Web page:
US and Hellenic Psychiatry meet in Greece – September 2018

In September 2018 the Hellenic American Psychiatric Association (HAPA) participated in the 83rd Thessaloniki International Fair in Greece. With the US as the Expo’s featured nation, the American Psychiatric Association (APA) provided HAPA educational materials to battle stigma and raise the profile of mental health in a region beset by economic and refugee crises. Represented by former APA Treasurer and HAPA founder Maria Lymberis, and HAPA President and district branch president-elect Philip Candilis, HAPA’s international members joined to host the US Ambassador to Greece, Greek and US political figures, and members of public and academic organizations. Alongside major corporations from Coca-Cola to Google, HAPA set up a booth focused on future educational and collaborative ventures with public, academic, and forensic agencies.

Founded in May 15, 1999, HAPA provides a professional home for Greek-American, Greek, and US psychiatrists as well as psychiatrists throughout the Greek Diaspora. Organized for educational, scientific and charitable purposes in the public interest, HAPA connects philhellenes with US and Greek psychiatry and their international goals. Meeting annually at 6:00-8:00pm on the Tuesday of the APA Annual meeting. HAPA provides a forum for psychiatrists to present scientific work and establish networks for scientific exchange, facilitate professional development, and advocate for the mental health needs of individuals, families and communities.

With tens of thousands of visitors attending the Expo during its nine day course, HAPA president-elect Dr. George Karampoutakis and HAPA Secretary Dr. Georgios Pagkalos gave an interview to the American Hellenic Chamber of Commerce underlining the role of the HAPA in Greece and the reasons for its presence at the Thessaloniki International Fair. Accompanying blogs and media posts raised the profile of mental health for corporate attendees, while rolling conversations with visitors raised awareness of the mental health consequences of natural disasters, namely the wildfires and earthquakes prevalent in Greece, and the educational needs of forensic and police agencies working to address LGBTQ and sexual health needs in the community. Significant contact with Aristotle University and the American Hellenic Educational Progressive Association (AHEPA) were hopeful signs of future collaborations in education and battling the stigma of mental illness.

The Greek psychiatric contingent represented HAPA at the inaugural reception – organized by the US Embassy and the American Hellenic Chamber of Commerce. Drs.Karampoutakis and Pagkalos, International Member and International Fellow of the APA respectively, were joined by HAPA Counselor Dr. Apostolos Tsiamis, for the keynote address by US Commerce Secretary Wilbur Ross. The audience was a noteworthy gathering of Greek business, political and military leadership.

On September 16, following the Expo, the historic Athens War Museum in central Athens hosted HAPA’s first international conference. Chaired by Drs. Pagkalos and Tsiamis, the conference was welcomed by prominent members of the Greek health and educational systems, namely the President of the Athens Medical Association, Dr. George Patoulis, the Vice Dean of the University of Ioannina, Professor Minas Paschopoulos, and the President of the Greek Early Career Psychiatrists, Dr. Achilleas Oikonomou.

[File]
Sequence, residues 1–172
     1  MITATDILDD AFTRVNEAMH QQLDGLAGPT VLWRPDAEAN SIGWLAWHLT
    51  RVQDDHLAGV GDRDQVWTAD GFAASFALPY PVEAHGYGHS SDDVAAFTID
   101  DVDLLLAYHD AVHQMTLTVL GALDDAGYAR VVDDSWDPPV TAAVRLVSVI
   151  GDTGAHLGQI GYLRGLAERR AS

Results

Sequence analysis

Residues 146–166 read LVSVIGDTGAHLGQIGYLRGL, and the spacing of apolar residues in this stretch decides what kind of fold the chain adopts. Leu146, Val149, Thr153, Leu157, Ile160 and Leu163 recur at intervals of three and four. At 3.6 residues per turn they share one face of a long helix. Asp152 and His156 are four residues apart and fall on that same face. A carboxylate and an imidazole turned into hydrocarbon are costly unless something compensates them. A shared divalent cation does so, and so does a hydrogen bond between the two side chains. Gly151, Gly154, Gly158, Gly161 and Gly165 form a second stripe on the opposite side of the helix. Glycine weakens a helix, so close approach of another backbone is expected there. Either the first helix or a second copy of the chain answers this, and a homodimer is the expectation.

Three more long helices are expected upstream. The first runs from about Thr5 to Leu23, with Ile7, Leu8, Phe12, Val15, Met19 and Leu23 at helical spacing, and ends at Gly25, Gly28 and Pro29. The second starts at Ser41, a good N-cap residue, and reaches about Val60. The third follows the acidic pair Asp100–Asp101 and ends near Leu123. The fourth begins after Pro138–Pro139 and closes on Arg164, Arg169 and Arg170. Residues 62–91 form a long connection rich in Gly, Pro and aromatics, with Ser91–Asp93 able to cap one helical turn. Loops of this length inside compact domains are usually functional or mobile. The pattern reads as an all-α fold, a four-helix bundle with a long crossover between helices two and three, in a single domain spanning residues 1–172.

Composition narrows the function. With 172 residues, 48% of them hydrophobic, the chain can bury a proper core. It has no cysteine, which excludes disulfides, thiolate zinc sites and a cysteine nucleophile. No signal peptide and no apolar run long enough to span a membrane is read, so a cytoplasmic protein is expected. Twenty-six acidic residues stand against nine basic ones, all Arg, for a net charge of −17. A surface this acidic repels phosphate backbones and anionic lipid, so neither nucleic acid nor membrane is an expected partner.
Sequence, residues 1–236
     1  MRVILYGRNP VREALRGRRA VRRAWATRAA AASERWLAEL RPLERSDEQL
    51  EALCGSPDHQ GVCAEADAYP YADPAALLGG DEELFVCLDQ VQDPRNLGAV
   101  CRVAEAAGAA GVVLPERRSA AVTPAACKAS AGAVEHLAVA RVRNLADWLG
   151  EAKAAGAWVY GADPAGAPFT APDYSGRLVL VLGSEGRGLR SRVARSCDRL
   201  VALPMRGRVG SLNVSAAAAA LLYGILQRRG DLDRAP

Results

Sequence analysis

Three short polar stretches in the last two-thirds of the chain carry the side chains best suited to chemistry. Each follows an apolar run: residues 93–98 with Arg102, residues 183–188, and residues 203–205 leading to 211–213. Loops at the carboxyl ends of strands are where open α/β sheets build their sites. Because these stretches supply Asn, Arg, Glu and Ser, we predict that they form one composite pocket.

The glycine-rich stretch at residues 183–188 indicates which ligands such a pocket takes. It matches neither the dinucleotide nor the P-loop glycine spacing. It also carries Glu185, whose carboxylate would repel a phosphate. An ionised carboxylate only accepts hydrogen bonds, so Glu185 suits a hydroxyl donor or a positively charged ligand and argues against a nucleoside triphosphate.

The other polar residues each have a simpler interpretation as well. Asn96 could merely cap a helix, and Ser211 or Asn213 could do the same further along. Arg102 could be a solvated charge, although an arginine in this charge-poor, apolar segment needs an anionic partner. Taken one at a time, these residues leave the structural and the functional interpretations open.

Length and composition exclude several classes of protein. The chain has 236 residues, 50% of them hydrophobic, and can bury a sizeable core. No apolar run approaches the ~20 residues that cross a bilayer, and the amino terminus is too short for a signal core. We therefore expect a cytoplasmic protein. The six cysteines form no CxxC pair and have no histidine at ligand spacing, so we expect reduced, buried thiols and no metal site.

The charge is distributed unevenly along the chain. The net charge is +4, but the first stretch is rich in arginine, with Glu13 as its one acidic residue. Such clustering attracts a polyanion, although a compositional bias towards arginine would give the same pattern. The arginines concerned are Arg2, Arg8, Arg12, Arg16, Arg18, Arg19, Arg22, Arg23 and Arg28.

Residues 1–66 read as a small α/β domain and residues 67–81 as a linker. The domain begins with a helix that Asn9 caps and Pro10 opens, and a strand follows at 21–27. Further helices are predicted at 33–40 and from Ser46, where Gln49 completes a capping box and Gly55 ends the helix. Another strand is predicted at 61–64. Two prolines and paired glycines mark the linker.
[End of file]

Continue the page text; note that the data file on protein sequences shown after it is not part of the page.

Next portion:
Speakers Maria Lymberis and Philip Candilis were joined by Dr. Karampoutakis and Dr. Anna Polyniki, HAPA Counselor and faculty of the University of Nicosia Medical School in Cyprus. Dr. Karampoutakis’ address exhorted mental health professionals to implement the common goals of the Hellenic, American, and Hellenic-American psychiatric community. Trauma, stigmatization, and the lack of economic resources are common challenges for all three communities, as they are world-wide, he said. Dr. Polyniki offered her university’s collaborative model for overcoming the Scylla and Charybdis of healing the sick and overcoming economic anemia.

Dr. Maria Lymberis’ s keynote offered a historical perspective noting the past difficulties in forming a Hellenic American Psychiatric organization and her own determined efforts over the last 20 years in establishing HAPA as an Affiliate of the APA. She credited the success of HAPA to the support and commitment of the devoted core of HAPA Board members who believed in the need for HAPA in an increasingly globalized world with pressing mental health needs. She exulted in the new energy of the Greek community and the efforts to collaborate meaningfully in ways that serve vulnerable groups. Dr. Candilis followed with the work of his colleagues in the refugee crisis over the past few years, building resilience among Greek humanitarian aid workers and their communities, and offering new research on the process of radicalization. He was clear that the crisis of displaced persons worldwide was a global emergency, not to be borne by countries on the front lines alone.

The conference closed with the documentary film of the Southern California Psychiatric Community, “The Art of Storytelling: The Human Experience of Being a Psychiatrist”. The film energized the audience with the narratives of psychiatrists inspired to join the profession. There followed an animated audience discussion about the concerns of Greek psychiatrists for the future of the profession and the critical importance of the know-how provided through international collaboration and research.

Participants renewed their commitment to attend the 20th Annual HAPA meeting on May 21st 2019 6:00 -8:00pm during the 175th APA Annual Meeting in San Francisco, CA May 18th to May 22d 2019.